Population Health

July 31, 2019

How the private sector shapes ‘offender-funded justice’

Image of Dr. Alexes HarrisFines and fees are standard procedure in the criminal justice system — and the greater an accused person’s involvement, from challenging a traffic ticket to a felony conviction, the higher the costs.

In addition, the entities levying those fines and fees are not always the public agencies in charge. Private companies often contract to provide the very services that citizens are required to pay for: a bail bondsman after an arrest, a drug and alcohol assessment for a DUI, phone calls and video chats while in prison.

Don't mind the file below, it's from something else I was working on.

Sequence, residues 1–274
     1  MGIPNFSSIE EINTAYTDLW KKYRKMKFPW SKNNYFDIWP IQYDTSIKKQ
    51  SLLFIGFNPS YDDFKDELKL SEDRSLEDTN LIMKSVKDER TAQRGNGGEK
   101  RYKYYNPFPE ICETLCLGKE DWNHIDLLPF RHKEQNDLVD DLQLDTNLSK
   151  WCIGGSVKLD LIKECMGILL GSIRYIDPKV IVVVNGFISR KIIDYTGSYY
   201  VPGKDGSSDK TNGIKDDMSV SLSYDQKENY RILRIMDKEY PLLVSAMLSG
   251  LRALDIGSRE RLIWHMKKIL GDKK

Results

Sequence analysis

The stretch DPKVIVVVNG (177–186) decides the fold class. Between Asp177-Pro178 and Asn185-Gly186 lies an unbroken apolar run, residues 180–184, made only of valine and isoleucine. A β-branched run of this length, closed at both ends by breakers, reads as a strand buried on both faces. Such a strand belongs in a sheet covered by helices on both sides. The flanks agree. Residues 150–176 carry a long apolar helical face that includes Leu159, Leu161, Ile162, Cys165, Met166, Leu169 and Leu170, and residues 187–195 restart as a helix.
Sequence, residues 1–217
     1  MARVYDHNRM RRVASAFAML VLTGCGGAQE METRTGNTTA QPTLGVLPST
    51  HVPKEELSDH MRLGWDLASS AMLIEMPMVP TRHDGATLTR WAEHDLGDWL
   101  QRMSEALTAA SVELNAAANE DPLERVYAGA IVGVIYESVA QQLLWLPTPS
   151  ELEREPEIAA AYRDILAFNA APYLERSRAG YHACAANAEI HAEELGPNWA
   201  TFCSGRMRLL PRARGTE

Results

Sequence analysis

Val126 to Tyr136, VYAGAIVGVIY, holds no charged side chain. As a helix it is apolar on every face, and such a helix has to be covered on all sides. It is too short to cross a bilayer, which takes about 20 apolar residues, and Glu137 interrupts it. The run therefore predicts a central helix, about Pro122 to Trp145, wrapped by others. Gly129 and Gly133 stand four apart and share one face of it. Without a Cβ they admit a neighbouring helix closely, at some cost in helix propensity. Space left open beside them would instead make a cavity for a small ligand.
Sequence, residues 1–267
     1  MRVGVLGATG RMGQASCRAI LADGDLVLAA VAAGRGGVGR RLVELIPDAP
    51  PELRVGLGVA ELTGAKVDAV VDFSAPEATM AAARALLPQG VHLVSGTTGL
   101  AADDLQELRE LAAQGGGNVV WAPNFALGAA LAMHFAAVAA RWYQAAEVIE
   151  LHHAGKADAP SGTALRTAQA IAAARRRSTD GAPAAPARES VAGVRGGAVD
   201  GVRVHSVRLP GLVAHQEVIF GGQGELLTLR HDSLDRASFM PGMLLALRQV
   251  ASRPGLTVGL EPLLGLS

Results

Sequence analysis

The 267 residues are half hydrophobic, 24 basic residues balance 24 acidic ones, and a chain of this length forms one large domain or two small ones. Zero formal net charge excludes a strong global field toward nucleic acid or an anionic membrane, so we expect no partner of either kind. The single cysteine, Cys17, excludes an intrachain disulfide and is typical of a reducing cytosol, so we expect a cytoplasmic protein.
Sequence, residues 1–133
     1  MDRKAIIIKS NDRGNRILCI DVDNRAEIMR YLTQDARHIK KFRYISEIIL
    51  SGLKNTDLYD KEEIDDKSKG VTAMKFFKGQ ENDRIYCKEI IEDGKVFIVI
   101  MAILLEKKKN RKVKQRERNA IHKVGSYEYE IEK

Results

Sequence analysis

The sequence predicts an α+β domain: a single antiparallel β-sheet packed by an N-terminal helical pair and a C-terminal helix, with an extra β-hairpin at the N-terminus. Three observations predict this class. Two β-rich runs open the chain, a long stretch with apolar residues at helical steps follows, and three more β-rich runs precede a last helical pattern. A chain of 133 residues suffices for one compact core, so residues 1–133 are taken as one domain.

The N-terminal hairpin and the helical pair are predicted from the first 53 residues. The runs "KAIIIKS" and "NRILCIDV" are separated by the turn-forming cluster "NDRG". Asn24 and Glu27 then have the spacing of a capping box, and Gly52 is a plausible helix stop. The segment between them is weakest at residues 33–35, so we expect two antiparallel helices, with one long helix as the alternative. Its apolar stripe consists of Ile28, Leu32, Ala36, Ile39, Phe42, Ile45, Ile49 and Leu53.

New research from the University of Washington use two Washington state examples as case studies of what Dr. Alexes Harris (pictured) and her research team sees as the extensive reach of the private sector into an already discriminatory system.

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